Cash & Power: How to Create an Effective Cash Flow Forecast
:: By Kevin Hsu, Kepion Solution ::
Cash is the lifeline of any business organization, and ensuring how it flows in and out of yours is essential for success. Thousands of businesses have ceased to exist due to unexpected cash flow predictions; however, by planning and forecasting your organizational expenditure, you can give your business the best chance to survive and succeed in the long run.
Cash flow forecasting, though sounds daunting, is actually a deceptively easy process that effectively accounts for utilization of the available information in hand to predict how much money will flow in and out of the business at any given point of time. Here are some tips for creating an effective long-term cash flow forecast:
List the assumptions
Forecasts are mostly driven by assumptions and hence, for the forecasts to be useful, the below-mentioned assumptions must stand appropriate to the business. Assumptions can be made keeping in mind the past performance, customer and supplier correspondence, industry publications, etc., and usually include:
-Timing and quantum of price increases – both the organization’s and its suppliers’
-Provision for general cost increases (CPI)
-Sales growth estimates
-Provision for internal salary increases
Listing the assumptions within the cash flow forecasts helps add credibility and also serves as a reminder when actually assessing the performance against the forecast.
Forecast the future
Companies usually prepare weekly cash flow statements to get an insight into short-term liquidity, but it is essential to look to the future in order to determine whether the organization will survive within the existing funds or will require external help. This way, the company can find resources and put them in place, in advance, before it actually needs them. Being able to feed on the outcome of a rolling re-forecasting procedure is anticipated to enhance the accuracy of long-term cash flow forecasts.
The ideal situation is to prepare a model that combines both weekly and monthly forecasts. However, most cash flow solutions prepared are developed around a pre-defined planning and budgeting solution, which are usually restricted to a single time dimension (e.g., days, weeks, months). A better strategy exists and that’s to prepare and combine cash flow forecasts for weeks, months and even years. This makes it simple to determine various cash inflow and outflow situations such as how extending the store timings an extra hour every day can impact the organization’s monthly cash position.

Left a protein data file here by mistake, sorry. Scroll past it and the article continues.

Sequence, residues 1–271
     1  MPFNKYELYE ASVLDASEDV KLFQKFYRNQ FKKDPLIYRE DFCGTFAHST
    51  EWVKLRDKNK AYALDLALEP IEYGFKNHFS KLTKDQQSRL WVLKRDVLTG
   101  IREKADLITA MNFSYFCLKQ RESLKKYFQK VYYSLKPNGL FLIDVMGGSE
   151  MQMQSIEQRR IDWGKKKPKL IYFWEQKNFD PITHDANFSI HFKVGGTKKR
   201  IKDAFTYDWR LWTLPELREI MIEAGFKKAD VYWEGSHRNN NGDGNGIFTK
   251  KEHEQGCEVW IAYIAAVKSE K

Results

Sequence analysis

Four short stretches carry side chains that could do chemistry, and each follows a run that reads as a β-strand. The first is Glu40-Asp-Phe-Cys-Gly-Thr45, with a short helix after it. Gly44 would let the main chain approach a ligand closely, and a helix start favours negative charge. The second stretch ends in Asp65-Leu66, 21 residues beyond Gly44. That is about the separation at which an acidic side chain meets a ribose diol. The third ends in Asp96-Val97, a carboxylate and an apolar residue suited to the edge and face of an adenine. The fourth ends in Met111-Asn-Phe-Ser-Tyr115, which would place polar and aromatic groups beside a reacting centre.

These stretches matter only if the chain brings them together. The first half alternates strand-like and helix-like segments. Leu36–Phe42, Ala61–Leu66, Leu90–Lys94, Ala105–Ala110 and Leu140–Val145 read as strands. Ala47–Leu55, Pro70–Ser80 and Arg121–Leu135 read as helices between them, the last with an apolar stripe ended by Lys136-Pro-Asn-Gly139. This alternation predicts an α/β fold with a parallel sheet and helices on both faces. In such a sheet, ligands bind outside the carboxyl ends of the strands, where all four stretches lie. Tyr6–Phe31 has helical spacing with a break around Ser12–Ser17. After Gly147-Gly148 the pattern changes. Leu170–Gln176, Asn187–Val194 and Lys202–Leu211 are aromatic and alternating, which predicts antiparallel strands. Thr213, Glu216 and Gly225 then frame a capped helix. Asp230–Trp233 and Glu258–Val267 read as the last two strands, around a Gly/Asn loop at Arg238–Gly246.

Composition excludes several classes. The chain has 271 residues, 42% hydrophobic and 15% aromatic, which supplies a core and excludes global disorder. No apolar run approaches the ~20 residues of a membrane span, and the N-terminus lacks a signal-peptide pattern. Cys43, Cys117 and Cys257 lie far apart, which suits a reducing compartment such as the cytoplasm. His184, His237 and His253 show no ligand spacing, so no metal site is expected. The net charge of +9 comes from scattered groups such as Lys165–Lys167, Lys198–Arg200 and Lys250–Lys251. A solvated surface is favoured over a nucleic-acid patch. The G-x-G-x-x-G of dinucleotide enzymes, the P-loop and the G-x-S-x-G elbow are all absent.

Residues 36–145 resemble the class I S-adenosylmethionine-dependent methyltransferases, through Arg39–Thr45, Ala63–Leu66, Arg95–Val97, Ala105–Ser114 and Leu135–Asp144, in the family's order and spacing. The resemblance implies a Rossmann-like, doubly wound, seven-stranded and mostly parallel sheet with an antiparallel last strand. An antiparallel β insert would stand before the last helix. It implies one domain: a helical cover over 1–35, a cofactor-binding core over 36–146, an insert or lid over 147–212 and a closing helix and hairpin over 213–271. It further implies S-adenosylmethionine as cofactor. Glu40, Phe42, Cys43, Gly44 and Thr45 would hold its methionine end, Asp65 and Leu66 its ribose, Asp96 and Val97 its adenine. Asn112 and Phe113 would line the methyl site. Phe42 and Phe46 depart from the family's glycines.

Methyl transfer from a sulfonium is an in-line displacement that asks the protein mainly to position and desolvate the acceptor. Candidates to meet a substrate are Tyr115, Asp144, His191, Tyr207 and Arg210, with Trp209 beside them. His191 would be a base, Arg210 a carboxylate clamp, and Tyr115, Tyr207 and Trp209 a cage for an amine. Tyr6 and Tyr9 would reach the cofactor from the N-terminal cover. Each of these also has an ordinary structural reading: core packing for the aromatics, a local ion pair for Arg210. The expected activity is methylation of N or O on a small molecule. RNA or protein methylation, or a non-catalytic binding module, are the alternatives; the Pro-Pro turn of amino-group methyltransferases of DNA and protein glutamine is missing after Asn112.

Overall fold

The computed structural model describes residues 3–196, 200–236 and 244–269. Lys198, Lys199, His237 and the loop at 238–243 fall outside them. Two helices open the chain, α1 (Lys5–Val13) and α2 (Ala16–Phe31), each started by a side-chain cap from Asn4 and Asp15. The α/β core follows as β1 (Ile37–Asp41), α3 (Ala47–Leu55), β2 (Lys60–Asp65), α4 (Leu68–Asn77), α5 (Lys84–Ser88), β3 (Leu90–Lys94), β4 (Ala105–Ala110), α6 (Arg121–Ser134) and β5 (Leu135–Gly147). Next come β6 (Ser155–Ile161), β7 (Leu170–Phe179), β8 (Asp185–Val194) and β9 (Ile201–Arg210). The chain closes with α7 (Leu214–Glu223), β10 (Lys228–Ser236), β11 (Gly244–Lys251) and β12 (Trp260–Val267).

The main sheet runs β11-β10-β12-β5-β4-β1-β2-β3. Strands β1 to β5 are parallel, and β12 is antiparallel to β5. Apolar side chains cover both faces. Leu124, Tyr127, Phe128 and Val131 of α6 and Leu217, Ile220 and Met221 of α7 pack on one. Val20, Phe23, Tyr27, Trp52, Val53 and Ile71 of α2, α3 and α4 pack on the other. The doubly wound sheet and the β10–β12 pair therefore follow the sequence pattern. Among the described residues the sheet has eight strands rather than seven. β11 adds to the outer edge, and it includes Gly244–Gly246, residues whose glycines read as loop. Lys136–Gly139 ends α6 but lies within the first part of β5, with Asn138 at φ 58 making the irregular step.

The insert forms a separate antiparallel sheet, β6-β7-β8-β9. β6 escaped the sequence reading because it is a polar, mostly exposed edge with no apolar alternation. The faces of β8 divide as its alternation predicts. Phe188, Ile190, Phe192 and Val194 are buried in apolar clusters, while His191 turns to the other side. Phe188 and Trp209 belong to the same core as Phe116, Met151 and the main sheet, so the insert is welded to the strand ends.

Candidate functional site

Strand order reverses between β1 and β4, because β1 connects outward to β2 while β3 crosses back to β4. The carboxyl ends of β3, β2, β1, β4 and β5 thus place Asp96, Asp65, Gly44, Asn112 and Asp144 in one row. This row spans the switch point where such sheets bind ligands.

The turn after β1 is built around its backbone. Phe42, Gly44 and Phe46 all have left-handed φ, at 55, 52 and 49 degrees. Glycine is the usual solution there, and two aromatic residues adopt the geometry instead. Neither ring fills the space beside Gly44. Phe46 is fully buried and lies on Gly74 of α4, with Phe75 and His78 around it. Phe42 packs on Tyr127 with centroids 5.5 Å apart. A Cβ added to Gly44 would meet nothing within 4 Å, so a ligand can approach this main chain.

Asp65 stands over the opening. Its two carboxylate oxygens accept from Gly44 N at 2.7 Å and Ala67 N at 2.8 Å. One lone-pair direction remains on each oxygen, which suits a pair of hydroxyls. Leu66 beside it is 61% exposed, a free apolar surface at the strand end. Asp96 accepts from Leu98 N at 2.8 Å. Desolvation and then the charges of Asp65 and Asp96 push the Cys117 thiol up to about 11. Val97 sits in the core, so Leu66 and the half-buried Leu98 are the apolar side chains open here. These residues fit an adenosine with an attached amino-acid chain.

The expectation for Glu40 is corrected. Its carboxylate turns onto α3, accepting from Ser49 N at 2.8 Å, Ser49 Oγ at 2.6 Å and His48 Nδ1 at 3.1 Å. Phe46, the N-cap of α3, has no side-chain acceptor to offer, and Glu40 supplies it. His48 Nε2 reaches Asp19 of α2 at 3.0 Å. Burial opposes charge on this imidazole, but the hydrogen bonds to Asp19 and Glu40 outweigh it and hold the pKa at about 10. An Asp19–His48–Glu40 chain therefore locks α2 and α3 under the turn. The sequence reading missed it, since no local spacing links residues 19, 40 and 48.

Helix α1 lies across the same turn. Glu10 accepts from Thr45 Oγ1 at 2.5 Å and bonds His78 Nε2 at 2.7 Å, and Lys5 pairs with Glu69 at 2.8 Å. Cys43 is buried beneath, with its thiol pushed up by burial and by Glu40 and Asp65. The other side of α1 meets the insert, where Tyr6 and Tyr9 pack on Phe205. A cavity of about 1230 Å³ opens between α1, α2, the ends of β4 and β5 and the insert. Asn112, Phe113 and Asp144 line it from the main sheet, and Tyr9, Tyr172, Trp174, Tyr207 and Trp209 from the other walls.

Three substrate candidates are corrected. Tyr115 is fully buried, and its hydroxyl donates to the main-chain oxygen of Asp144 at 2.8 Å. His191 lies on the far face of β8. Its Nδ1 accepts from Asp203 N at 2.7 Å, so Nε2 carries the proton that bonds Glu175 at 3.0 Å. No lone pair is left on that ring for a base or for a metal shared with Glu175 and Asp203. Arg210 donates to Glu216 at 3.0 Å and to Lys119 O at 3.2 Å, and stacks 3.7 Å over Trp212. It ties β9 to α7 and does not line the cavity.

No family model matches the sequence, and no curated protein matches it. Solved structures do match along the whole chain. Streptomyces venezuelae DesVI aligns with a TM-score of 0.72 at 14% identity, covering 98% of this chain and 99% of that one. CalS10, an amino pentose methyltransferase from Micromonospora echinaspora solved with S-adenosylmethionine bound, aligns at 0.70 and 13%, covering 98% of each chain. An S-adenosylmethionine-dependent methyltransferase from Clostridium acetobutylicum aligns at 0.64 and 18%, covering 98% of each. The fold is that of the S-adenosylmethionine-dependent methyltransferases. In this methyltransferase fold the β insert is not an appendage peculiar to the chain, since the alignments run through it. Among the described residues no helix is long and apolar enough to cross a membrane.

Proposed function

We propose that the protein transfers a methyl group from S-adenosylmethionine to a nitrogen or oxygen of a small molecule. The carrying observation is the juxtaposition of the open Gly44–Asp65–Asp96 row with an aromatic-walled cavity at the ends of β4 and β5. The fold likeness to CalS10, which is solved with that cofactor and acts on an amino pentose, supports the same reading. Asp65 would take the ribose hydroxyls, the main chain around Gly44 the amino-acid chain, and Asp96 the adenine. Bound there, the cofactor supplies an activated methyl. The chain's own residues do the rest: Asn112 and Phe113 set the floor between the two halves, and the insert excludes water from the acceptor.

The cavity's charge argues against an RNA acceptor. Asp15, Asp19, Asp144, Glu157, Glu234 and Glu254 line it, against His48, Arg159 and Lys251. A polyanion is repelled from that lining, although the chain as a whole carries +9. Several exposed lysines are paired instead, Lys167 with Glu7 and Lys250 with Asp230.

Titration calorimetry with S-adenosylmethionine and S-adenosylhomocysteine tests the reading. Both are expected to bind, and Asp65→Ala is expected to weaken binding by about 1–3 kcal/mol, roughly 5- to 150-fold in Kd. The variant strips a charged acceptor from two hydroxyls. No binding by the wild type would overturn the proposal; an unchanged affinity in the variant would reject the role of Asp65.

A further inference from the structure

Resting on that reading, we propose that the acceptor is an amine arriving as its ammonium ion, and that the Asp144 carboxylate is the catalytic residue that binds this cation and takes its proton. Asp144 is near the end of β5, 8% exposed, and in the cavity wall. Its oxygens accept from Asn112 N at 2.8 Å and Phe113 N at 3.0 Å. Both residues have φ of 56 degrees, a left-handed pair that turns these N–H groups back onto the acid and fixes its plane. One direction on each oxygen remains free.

Mix different approaches
While forecasting short-term cash flow begins with the organization’s cash receipts and payments from accounts receivable and payable ledgers, forecasting cash flow for a longer period of time requires the use of indirect methods, such as modeling several assumptions relating to income and expenditure line items in a profit and loss account forecast. And, to reap maximum benefits, it is best to interchange between the two methods, such as using varied time periods, etc.
Prepare anticipated level of details
Sales, among other important organizational factors, can be hard to predict. The graph can take any turn depending upon the demand and supply of your merchandise in the market. In order to forecast sales, the best place to start is to look at the sales made in the previous year(s) to identify the trends and sale patterns. You can thereafter, identify internal (increase/decrease in prices, etc.) and external (economic factors, etc.) factors which can impact the present period and make necessary amendments for future.
In addition to preparing sales estimates, you must also compile a list of other cash flow elements. This includes:
-Tax refund and GST rebates
-Additional equity contributions
-Royalties or franchise / license fees
-Receipt of Government grants
-Cash receipt from asset divestment
Having determined the assumptions and models which can be handy and useful for long-term cash flow predictions, it is equally essential to test the model for credibility and accuracy. Monitoring variances between predictions and actual cash flow in the business can help unveil opportunities for improvements. After making necessary changes, their impact should be tested to ensure that they are valid.
Listing assumptions and measuring module accuracy are key to successfully forecast cash flow.
Kevin Hsu is a co-founder of Kepion Solution, driving innovations in areas of business intelligence and analysis for mid-size to global enterprise companies. With more than 10 years of industry experience in developing and delivering BI solutions for customers internationally, Kevin is a key stakeholder in the success and growth of Kepion.